Fiscal instruments are potentially among the most effective, and cost-effective, options for addressing externalities related to poor air quality, urban road congestion, and greenhouse gases. This paper takes a case study, focused on Mauritius (a pioneer in the use of green taxes) to illustrate how existing taxes, especially on fuels and vehicles, could be reformed to better address these externalities. We discuss, in particular, an explicit carbon tax; a variety of options for reforming vehicle taxes to meet environmental, equity, and revenue objectives; and a progressive transition to usage-based vehicle taxes to address congestion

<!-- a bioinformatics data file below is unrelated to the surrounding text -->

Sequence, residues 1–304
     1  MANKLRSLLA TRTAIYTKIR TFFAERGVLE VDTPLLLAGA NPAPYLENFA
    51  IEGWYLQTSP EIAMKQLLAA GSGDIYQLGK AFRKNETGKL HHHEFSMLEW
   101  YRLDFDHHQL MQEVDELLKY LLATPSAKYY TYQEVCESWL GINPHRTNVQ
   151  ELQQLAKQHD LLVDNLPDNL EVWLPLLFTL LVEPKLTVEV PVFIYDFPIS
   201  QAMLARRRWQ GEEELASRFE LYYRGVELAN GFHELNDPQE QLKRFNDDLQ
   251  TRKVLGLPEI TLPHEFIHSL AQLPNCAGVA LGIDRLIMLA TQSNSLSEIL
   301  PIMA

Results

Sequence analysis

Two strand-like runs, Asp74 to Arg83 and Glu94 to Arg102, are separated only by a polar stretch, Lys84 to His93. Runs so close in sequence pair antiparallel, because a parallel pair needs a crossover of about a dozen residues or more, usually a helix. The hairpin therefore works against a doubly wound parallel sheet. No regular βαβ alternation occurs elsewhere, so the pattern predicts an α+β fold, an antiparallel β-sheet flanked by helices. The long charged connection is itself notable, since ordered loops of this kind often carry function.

of greentax reform options for Mauritius. A final section offers concluding remarks.
II. C onceptual C ase for E nvironmental T axes
The production and use of certain goods and services in the economy generate broader societal costs, or externalities, that are not taken into account by households and firms. For example, fossil fuel combustion produces CO 2 , the main greenhouse gas, and also local emissions that are harmful to human health (e.g., Intergovernmental Panel on Climate Change, 2007 ; Dockery and others, 1993 ; and Schwartz, 1994 ). And